In Sunday school this past weekend, we were asked to think of a time in the last few days when we had dual conflicting emotions. The class was about Playback Theatre, and the three leaders, after listening to someone share, acted out what they heard.
Right away, I knew what my conflicting emotions were—gratefulness and wanting to hide—but I didn’t dare share. I was too raw. Speaking involved the very high risk of full-on blubbering, so I kept my lips sealed and just watched.
See, I was filled up and overflowing with gratefulness for our friends and family, their hugs, their practical gifts, their warm welcomes, their caring questions, their understanding and compassion. And I wanted to hide from it all. My face hurt from smiling. I couldn’t remember everyone’s names. People looked different. The wave of love and hugs was crushingly overwhelming.
I wouldn’t want it not to be that way, of course. If people didn’t overwhelm us, I would feel abandoned and neglected. They were doing everything right and nothing wrong. So was I. There was no other way but to weather the storm.
(That day, I was half sick, too. On Saturday I developed a sore throat, maybe even a fever. As much as I couldn’t wait to go to church, I dreaded it. Deeply. Which was a really conflicting emotion for this people-loving girl.)
So that was Sunday.
Settling back in is harder than I expected it to be.
When we returned from Nicaragua thirteen years ago, we knew it’d be really hard and we were not disappointed. We had a new baby, no house, no job, my husband got a little thing called Cancer, and I got a little thing called Prego with a Side of Morning Sickness. Fun times, y’all.
In comparison, this time around is super easy. We weren’t gone long enough to lose friends and routines. We have our house, our put-up food from 2012, our pets, our things, our budget (if only I could find those dang papers!), and our job. Slipping back into our old patterns is fairly effortless.
And yet it’s not. We’ve been home for a week and we’re still doing nothing more than the day-to-day existence stuff.
When my husband said that he wanted a couple weeks off from work when we got back, I thought he was crazy. He’d be bored! We’d be sitting around doing nothing! But now I am so glad he has off. We’re not doing anything and yet it feels like we’re doing everything. It confuses me.
Grieving is hard physical work, I’ve been told. The emotional work sucks up energy and brain power and leaves the griever exhausted. We’re not grieving, mind you—we’re not even feeling down, really—but that’s the best way I can describe this blurry, plodding zone we’re in. We get dressed in the morning and feed the animals and ourselves. We send emails and unpack a couple boxes. We do laundry. And then the day is over. There is no mental energy for thinking beyond the present.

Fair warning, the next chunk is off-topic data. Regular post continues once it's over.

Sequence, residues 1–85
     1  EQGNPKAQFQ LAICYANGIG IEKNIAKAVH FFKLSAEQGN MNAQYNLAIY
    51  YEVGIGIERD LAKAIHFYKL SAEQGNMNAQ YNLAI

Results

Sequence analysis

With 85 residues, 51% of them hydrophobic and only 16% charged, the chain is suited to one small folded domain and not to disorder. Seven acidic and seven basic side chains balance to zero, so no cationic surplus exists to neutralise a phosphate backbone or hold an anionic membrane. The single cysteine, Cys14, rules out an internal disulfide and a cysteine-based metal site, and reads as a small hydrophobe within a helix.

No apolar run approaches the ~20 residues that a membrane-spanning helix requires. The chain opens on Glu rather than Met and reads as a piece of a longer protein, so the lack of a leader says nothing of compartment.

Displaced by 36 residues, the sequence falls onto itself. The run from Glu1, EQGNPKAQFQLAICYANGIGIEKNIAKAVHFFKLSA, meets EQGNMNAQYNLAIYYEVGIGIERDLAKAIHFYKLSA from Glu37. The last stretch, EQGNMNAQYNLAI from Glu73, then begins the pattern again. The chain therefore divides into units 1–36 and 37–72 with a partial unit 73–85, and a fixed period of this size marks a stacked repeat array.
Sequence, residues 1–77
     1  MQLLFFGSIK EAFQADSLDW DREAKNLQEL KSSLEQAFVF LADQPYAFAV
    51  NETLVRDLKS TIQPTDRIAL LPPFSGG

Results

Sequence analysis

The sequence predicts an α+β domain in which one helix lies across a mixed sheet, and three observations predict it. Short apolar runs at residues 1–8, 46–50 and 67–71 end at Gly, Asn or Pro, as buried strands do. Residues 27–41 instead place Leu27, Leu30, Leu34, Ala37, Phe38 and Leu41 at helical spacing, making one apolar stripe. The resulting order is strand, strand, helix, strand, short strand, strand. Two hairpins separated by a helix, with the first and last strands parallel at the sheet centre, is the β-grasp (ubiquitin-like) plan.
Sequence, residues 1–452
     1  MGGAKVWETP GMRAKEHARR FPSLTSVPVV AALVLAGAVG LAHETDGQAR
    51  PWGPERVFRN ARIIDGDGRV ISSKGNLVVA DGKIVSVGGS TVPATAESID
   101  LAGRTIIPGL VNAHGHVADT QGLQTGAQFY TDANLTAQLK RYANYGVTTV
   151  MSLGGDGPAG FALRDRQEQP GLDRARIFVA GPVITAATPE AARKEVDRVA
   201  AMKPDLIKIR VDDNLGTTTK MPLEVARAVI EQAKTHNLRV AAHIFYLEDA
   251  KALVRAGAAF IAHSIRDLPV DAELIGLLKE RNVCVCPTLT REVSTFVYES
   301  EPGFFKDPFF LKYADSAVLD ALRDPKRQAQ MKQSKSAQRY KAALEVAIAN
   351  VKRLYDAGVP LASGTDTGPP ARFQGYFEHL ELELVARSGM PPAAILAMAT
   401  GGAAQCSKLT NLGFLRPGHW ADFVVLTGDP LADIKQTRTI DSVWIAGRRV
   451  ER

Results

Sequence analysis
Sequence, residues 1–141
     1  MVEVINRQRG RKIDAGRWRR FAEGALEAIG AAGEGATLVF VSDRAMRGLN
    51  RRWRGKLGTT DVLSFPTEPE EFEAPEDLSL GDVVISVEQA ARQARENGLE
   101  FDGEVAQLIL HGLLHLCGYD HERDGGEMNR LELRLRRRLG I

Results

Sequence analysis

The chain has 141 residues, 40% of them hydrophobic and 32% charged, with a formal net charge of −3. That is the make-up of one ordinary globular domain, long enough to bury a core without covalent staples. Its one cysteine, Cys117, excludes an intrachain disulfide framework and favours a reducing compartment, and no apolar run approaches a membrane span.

Which is another way to look at this disorientation/reorientation stage: we are fully, helplessly, through no choice of our own, In The Moment. I am a huge multi-tasker, thriving on a whirl of activity and stimulation, but right now, no thank you. I don’t have the wherewithal to think of what we’ll do tomorrow, let alone plan our homeschooling year or even make a weekend menu. It’s just one foot in front of the other. Find the kids’ shoes, call the insurance agency, renew the medications, unpack the clothes, scrounge a secondhand bed, scrub the toilet, buy dog food, fill the car’s gas tank, set the mouse traps, make soup, etc.
It’s all good (really! we’re so happy!), but it’s All I Can Handle.
The children are doing fine, adjusting to a more relaxed schedule, independent play, and rural
living—i.e. no friends to run around with for hours on end.
At first, my younger son wanted to visit other people’s houses so badly that he was borderline panicked. My friend reported that when he arrived at their house, he explored the whole thing, top to bottom. Maybe this is how he is reorienting?
(Funny note: he couldn’t figure out how to turn on our shower. Nine months is a long time in the life of a seven-year-old.)
Also, it’s weird hearing my children yelling at each other in Spanish. It’s a bit disorienting because:
my kids + Spanish + my home = NEW.
The Spanish words peppering our conversations and the fact that my husband and I truly do not have a secret language anymore (oh dear), serve as reminders that even though we are home again, there has been a shift.